Putting Our Work into Focus
A picture tells a thousand words - and UNHCR has more than 250,000 of them dating back decades. The agency's photo library in Geneva is guardian of the world's largest collection of refugee-related photos covering nearly all of the major displacements of the last 60 years. These images provide a comprehensive portrait of the lives of refugees, asylum seekers, internally displaced people and the stateless in all corners of the globe, as well as the work of the thousands of UN staff who have helped them. Many of our best photos are showcased on this website and on the social networking site, Flickr. We offer the use of our photos free to the media.
Helping Flood Victims in Pakistan
UNHCR teams are distributing tents and other emergency aid to families displaced by severe flooding in Pakistan. More than five million people have been affected by this year's floods and government estimates put the number of families in urgent need of emergency shelter at over 200,000.
In southern Sindh province, which has been particularly hard hit, UNHCR has so far delivered 2,000 tents and 2,000 kits containing jerry cans, blankets and sleeping mats as well as 4,000 plastic sheets to be used for basic shelter. Many of the families displaced by the floods continue to live in makeshift shelters.
Statelessness in Sri Lanka: Hill Tamils
Most of the people working on the hundreds of tea plantations that dot Sri Lanka's picturesque hill country are descended from ethnic Tamils brought from India between 1820 and 1840 when the island was under British colonial rule. Although these people, known as "Hill Tamils," have been making an invaluable contribution to Sri Lanka's economy for almost two centuries, up until recently the country's stringent citizenship laws made it next to impossible for them to berecognized as citizens. Without the proper documents they could not vote, hold a government job, open a bank account or travel freely.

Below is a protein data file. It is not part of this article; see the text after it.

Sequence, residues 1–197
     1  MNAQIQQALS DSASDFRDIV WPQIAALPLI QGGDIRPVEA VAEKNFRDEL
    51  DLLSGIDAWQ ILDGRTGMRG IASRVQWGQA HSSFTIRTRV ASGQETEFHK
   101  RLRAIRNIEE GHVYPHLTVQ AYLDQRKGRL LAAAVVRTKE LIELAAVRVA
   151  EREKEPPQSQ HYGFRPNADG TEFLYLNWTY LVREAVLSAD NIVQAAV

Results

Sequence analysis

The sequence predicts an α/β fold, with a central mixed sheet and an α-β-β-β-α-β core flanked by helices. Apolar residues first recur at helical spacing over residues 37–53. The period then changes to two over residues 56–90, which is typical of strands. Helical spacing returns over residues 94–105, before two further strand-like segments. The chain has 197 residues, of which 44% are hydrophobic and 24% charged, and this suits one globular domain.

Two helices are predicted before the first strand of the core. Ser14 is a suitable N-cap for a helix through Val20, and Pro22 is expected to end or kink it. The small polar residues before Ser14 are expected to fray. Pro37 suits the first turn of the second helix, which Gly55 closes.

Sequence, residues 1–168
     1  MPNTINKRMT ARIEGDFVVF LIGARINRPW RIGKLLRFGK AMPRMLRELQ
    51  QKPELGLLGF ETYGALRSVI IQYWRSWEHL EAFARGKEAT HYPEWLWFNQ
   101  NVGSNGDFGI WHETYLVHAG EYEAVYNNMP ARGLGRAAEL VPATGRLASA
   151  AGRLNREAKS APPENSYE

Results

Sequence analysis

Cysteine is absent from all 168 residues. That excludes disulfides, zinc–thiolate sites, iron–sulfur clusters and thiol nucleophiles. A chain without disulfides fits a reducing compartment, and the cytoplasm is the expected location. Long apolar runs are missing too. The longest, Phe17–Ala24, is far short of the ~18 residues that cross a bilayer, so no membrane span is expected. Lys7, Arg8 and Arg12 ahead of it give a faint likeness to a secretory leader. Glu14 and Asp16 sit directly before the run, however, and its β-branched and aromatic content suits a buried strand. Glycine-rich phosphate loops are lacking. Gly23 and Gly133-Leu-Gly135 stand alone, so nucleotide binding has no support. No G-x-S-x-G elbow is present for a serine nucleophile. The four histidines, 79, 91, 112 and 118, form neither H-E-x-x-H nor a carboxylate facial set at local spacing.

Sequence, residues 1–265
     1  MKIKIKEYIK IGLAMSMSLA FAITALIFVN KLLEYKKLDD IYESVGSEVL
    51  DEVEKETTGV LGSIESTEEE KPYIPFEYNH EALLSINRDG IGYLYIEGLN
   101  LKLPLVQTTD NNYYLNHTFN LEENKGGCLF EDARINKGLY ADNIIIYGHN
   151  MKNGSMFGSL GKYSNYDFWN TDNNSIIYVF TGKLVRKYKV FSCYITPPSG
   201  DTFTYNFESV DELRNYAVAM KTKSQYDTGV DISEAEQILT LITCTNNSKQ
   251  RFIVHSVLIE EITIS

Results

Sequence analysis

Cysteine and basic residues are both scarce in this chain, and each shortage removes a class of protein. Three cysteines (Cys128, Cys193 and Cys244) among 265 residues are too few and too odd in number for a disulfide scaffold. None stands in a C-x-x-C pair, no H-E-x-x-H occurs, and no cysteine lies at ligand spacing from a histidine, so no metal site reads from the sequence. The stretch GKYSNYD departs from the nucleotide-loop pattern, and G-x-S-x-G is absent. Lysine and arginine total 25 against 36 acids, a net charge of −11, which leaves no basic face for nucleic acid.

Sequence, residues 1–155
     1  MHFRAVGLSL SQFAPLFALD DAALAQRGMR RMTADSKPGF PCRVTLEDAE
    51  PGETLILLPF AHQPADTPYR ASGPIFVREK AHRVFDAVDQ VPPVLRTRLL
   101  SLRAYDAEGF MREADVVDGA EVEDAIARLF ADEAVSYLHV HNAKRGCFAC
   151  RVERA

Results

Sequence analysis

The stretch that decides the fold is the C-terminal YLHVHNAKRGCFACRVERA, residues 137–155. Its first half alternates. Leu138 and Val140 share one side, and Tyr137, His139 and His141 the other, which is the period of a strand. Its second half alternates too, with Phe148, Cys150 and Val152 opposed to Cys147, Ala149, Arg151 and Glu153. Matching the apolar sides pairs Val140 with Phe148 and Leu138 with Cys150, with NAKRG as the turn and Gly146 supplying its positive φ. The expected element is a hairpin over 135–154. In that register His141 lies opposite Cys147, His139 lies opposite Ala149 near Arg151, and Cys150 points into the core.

The Hill Tamils have been the subject of a number of bilateral agreements in the past giving them the option between Sri Lankan and Indian citizenship. But in 2003, there were still an estimated 300,000 stateless people of Indian origin living in Sri Lanka.
Things improved markedly, in October 2003, after the Sri Lankan parliament passed the "Grant of Citizenship to People of Indian Origin Act," which gave nationality to people who had lived in Sri Lanka since 1964 and to their descendants. UNHCR, the government of Sri Lanka and local organizations ran an information campaign informing Hill Tamils about the law and the procedures for acquiring citizenship. With more than 190,000 of the stateless people in Sri Lanka receiving citizenship over a 10-day period in late 2003, this was heralded as a huge success story in the global effort to reduce statelessness.
Also, in 2009, the parliament passed amendments to existing regulations, granting citizenship to refugees who fled Sri Lanka's conflict and are living in camps in India. This makes it easier for them to return to Sri Lanka if they so wish to.
2011 Yemen: Risking All for a Better Future
Plagued by violence, drought and poverty, thousands of people in the Horn of Africa leave their homes out of desperation every year. Seeking safety or a better life, these civilians - mainly Somalis and Ethiopians - make the dangerous journey through Somalia to the northern port of Bossaso.
Once there, they pay up to US$150 to make the perilous trip across the Gulf of Aden on smugglers' boats. They often wait for weeks in Bossaso's safe houses or temporary homes until a sudden call prompts their departure under the veil of night, crammed into small rickety boats.